COMMENTARY

Harry Truman was right

Guest columnistJuly 11, 2014 

Lenny Cacchio

COURTESY PHOTO

“Do you want to know what I think causes the ruination of lots of men? Three things ruin a man, if you want to know what I believe. One’s power, one’s money, and one’s women.” (Quoted in Merle Miller’s Plain Speaking: An Oral Biography of Harry Truman, Page 355, Berkley Publishing Corp., Copyright 1973, 1974).

Truman said he came to that conclusion based on his study of history. “You read your history and you’ll find out.” (P. 356)

It’s well documented that Mr. Truman was an intense student of history, much of which was self-taught. But we might suspect that history was not his only guide, that his take was validated by another source with which he was well acquainted: The King James Version of the Bible, specifically Deuteronomy 17:16-17. It reads as follows:

“But he [the king] shall not multiply horses to himself [i.e., military power], nor cause the people to return to Egypt, to the end that he should multiply horses: forasmuch as the Lord hath said unto you, Ye shall henceforth return no more that way. Neither shall he multiply wives to himself, that his heart turn not away: neither shall he greatly multiply to himself silver and gold.”

The Contemporary English Version phrases it this way:

“The king should not have many horses, especially those from Egypt. The Lord has said never to go back there again. And the king must not have a lot of wives—they might tempt him to be unfaithful to the Lord. Finally, the king must not try to get huge amounts of silver and gold.”

Think in terms of every sleazy or disgraced public official that you can think of. It’s an odds-on likelihood that the Truman/Historical/Deuteronomic template fits.

Here’s Harry Truman’s exegesis, again from Plain Speaking:

“If a man can accept a situation in a place of power with the thought that it’s only temporary, he comes out all right. But when he thinks he is the cause of the power, that can be his ruination.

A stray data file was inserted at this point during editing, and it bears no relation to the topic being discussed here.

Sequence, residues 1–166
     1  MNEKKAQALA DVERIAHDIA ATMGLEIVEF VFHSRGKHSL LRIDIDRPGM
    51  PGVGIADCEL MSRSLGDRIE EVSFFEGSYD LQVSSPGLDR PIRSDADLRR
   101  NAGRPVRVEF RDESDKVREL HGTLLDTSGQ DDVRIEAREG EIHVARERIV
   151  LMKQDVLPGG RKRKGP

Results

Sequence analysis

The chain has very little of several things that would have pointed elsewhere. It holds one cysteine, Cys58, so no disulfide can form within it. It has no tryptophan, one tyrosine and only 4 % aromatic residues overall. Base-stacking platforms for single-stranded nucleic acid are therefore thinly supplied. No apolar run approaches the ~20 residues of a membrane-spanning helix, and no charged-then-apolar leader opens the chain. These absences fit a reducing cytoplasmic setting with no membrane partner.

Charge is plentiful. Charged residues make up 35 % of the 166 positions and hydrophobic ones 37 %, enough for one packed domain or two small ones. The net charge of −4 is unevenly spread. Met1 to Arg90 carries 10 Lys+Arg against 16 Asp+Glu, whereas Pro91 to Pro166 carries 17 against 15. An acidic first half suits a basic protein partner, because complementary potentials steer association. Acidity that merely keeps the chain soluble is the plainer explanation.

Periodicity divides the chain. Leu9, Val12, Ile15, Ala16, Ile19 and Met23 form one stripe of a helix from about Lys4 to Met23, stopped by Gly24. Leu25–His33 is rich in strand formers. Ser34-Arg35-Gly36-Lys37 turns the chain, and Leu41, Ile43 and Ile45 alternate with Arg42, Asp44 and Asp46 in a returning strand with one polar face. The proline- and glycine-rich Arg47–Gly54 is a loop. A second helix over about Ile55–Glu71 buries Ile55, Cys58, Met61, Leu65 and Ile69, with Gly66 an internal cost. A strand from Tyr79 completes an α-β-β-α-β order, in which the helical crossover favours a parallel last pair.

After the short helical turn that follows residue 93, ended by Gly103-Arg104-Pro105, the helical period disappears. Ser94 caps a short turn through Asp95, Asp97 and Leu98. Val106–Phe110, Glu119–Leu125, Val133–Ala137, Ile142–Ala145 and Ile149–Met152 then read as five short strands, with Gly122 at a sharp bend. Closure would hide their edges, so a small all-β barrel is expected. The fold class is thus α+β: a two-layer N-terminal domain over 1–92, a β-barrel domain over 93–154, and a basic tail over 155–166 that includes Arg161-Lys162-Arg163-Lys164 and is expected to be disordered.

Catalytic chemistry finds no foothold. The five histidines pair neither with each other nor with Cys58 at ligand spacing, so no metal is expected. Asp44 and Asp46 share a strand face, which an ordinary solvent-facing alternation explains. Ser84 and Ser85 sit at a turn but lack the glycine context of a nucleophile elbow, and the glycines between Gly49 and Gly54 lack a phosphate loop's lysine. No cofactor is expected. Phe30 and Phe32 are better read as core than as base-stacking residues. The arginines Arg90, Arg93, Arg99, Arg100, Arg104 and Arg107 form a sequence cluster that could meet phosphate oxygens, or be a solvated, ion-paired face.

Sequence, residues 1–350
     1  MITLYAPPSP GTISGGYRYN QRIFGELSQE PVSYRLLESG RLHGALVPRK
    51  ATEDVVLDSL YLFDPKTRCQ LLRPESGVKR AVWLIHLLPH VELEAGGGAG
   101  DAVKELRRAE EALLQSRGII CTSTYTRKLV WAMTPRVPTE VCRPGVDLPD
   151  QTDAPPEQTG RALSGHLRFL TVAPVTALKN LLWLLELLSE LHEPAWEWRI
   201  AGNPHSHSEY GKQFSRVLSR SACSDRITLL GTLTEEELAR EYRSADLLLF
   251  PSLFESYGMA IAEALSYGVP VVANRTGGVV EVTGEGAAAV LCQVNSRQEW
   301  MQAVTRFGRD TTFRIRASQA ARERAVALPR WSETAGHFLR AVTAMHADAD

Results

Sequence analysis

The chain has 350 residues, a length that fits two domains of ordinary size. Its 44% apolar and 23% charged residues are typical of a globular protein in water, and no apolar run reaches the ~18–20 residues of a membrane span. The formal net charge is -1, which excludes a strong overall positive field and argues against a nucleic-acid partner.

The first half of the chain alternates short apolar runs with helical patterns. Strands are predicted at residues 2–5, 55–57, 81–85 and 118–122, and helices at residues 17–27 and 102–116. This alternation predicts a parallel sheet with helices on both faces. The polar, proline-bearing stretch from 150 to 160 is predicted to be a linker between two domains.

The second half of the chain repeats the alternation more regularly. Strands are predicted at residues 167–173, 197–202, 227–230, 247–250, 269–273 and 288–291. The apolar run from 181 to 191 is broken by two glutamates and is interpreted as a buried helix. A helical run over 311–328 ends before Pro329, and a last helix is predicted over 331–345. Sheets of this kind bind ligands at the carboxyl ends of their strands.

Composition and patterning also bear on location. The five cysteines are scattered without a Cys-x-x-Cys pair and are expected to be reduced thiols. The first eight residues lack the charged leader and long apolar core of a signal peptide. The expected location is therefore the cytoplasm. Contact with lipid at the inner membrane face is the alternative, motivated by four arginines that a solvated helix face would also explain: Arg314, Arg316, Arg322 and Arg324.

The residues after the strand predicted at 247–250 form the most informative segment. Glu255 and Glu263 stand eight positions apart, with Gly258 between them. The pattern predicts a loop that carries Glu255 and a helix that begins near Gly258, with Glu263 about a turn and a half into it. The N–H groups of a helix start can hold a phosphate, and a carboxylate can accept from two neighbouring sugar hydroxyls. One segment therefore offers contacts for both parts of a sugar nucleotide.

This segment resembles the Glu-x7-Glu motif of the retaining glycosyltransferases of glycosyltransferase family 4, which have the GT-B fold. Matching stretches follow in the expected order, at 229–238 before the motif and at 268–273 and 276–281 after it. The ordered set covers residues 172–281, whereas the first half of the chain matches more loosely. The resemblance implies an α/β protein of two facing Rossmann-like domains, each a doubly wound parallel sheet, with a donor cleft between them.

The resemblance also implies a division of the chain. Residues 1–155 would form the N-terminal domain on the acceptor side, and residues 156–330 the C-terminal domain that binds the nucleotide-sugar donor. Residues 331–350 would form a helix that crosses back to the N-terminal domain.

“And when a man has too much money too soon, that has the same effect on him. He just never gets to understanding that getting enough money to eat and getting a roof over his head is the thing that throughout history most people have spent their lives trying to do and haven’t succeeded. … If you’ve got too much money too soon, it ruins you by setting you apart from the most of the human race.

“And a man who is not loyal to his family, to his wife and his mother and his sisters can be ruined if he has a complex in that direction. If he has the right woman as a partner, he never has any trouble.” (Ibid)

Truman claimed he could name former colleagues who “got mixed up in that way. But we won’t do it now.” Mr. Truman, you don’t have to tell us now. We get the point. We see it all around us.

It’s no wonder that one of the sauciest quotes to come out of his mouth was this little gem: “My choice early in life was either to be a piano player in a whorehouse or a politician. And to tell the truth, there’s hardly any difference.”

These days we could use a little touch of Harry’s plain speaking, and along with it his other qualities of historical and scriptural perspective.

 

Lenny Cacchio is a resident of Lee’s Summit. He blogs at http://morningcompanionblogspot. com/.

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